“He was one of the most gifted musicians,” Graham Nash wrote of him in his eulogy
David Lindley’s name, who passed away a few days ago at the age of 79, figures alongside the biggest names in American music. His work includes recordings with Bob Dylan, Leonard Cohen, Iggy Pop, Bruce Springsteen, David Crosby, Ry Kunder. The guitar sound in the studio has always had its own signature.
But it’s a live performance that reminds us that Lindley was more than just a great guitarist. It is June 1990 and Ray Kunder, creator of -among other things- the soundtrack of the movie “Paris – Texas”, decides to introduce himself to the public without a band. He only has one guitarist with him. It’s David Lindley, captured by the camera with a pair of sideburns, huge even by rock standards, framing his face. In his hands he holds a bouzouki.
David Lindley RIP
If ya know, ya know.
Jackson Browne knew. So did Bonnie Raitt, Curtis Mayfield, Dolly Parton, Ben Harper, Bruce Springsteen, Zevon and so many others. It was a pleasure to experience your art. #davidlindley pic.twitter.com/PHvlfZTIht
— Danny Clinch (@Danny_Clinch) March 3, 2023
Born in March 1944 in Los Angeles, David Perry Lindley inherited his love of strings from his father who, although a lawyer by profession, had filled the family home with sounds that sounded at least exotic on the other side of the Atlantic. From him David was introduced to the bouzouki and the sitar and the banjo and the mandolin and the ukulele and a host of other strings. He was only six years old and, as he would recall in an interview years later, such was his passion for strings that he would even open the tail of the piano at home to reach its strings.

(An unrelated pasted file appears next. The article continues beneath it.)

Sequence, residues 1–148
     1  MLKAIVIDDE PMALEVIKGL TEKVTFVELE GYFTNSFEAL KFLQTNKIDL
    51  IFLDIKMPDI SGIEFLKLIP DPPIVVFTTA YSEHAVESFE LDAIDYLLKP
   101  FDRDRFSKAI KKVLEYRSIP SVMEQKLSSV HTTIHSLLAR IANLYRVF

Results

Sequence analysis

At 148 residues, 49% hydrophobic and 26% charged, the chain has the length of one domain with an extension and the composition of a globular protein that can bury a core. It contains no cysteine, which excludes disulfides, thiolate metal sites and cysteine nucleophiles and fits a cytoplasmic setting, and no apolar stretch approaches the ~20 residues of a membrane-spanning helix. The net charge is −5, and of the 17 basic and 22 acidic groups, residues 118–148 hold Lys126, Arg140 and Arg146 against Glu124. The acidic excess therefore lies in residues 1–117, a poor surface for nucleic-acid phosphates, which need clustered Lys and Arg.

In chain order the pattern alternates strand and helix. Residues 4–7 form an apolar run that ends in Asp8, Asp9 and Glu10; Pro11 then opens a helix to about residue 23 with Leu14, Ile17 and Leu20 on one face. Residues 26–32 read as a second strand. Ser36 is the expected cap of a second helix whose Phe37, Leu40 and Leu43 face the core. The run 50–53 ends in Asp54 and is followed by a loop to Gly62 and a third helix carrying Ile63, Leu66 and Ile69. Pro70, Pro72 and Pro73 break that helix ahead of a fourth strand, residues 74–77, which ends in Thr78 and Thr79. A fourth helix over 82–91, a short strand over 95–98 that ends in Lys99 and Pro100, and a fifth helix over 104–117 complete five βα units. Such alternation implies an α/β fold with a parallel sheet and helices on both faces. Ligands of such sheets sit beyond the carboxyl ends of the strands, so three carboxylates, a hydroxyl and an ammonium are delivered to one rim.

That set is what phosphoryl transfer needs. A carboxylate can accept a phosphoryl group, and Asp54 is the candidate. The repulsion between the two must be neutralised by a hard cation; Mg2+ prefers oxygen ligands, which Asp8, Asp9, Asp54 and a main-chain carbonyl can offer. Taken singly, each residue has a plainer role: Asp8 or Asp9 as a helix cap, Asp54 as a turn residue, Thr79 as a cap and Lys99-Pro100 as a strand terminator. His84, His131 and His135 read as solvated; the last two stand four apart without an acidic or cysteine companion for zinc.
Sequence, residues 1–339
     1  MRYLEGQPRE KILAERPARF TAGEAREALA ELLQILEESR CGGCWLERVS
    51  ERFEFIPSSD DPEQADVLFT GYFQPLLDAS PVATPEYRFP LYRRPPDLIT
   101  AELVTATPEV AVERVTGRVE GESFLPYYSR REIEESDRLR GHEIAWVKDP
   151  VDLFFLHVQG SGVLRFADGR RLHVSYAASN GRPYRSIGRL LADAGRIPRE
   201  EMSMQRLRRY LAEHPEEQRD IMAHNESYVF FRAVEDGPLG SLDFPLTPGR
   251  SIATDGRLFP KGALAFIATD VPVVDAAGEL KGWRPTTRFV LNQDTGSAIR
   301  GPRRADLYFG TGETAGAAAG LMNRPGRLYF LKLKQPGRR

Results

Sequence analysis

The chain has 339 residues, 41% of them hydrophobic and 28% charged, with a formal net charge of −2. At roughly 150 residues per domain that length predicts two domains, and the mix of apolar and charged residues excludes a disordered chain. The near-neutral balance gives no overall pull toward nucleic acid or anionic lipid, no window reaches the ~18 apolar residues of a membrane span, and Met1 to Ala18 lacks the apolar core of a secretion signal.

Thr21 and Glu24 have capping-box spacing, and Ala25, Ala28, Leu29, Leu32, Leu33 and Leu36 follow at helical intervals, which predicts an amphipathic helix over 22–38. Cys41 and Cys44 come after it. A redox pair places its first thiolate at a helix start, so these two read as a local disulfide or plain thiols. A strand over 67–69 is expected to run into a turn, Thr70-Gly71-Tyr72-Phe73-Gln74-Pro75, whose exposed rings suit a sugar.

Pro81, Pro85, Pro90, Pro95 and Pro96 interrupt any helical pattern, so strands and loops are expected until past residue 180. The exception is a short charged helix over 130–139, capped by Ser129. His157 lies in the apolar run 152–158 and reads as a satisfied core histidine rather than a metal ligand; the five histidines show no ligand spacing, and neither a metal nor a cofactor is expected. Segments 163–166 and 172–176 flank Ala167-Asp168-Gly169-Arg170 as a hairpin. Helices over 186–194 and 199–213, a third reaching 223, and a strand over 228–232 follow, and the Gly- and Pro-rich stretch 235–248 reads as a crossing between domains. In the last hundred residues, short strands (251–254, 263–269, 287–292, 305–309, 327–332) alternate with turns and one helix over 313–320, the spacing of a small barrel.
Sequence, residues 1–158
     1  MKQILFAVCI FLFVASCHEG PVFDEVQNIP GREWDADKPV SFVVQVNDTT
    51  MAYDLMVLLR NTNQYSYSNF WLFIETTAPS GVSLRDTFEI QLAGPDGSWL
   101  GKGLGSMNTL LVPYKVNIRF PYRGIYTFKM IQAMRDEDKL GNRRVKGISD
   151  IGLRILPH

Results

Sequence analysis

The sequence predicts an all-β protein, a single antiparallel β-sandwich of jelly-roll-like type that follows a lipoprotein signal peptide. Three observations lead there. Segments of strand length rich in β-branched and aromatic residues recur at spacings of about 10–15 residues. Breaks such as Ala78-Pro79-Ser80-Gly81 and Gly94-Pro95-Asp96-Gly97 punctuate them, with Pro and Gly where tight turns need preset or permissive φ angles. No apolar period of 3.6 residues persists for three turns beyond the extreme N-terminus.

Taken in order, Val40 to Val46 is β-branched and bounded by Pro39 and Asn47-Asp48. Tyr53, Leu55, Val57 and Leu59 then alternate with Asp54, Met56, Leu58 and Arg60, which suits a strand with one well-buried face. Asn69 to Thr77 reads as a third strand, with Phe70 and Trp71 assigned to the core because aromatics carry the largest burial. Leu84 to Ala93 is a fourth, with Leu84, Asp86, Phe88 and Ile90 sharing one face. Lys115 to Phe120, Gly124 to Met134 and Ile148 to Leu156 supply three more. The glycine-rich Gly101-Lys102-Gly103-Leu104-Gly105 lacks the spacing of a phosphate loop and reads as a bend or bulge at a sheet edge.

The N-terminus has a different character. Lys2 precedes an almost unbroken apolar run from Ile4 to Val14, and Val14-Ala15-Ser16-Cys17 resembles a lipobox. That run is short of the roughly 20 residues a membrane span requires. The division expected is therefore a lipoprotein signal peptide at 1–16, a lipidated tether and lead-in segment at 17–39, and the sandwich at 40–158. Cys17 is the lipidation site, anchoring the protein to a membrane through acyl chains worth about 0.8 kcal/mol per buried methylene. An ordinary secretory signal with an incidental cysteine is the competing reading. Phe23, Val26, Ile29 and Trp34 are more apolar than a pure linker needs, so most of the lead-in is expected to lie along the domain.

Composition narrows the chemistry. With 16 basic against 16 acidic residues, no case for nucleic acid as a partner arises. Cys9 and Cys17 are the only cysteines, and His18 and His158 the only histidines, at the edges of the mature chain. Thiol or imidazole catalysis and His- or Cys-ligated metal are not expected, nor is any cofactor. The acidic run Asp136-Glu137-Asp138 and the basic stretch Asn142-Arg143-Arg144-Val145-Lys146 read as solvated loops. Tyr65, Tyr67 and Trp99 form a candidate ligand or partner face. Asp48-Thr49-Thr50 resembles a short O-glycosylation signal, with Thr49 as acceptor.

I had the honor of working with David Lindley when he played slide guitar on the Freight Train Heart Album. He was a truly beautiful musician who brought songs to life.
RIP David. The world has lost one of the greats.
Full video on my FB page. pic.twitter.com/44naKgS2ej
— Jimmy Barnes (@JimmyBarnes) March 5, 2023
David Lindley was lucky enough to find his way early on. He was also gifted with an extraordinary talent. He was still a teenager when he first won the annual banjo contest hosted in Topanga Canyon. After his fifth straight win he simply stopped participating. A little later he would form his own band playing clubs in Los Angeles and Disneyland. But when an agent, who overheard him one night, would promise him “fame and money”, he would send him to “hell”.
“He was one of the most talented musicians,” Graham Nash wrote of him in his farewell. “He was truly a musician’s musician,” he added.
He was also a musician who never stopped being fascinated by the musics of the world and serving them. In his biography one finds recordings with musicians from Madagascar, Hawaii, Jordan, Norway.
The last years of his life he lived in Claremont, California. But in a house that was not very different from his father’s. It, too, was flooded with strings.
I am Frederick Tuttle, who works in 247 News Agency as an author and mostly cover entertainment news. I have worked in this industry for 10 years and have gained a lot of experience. I am a very hard worker and always strive to get the best out of my work. I am also very passionate about my work and always try to keep up with the latest news and trends.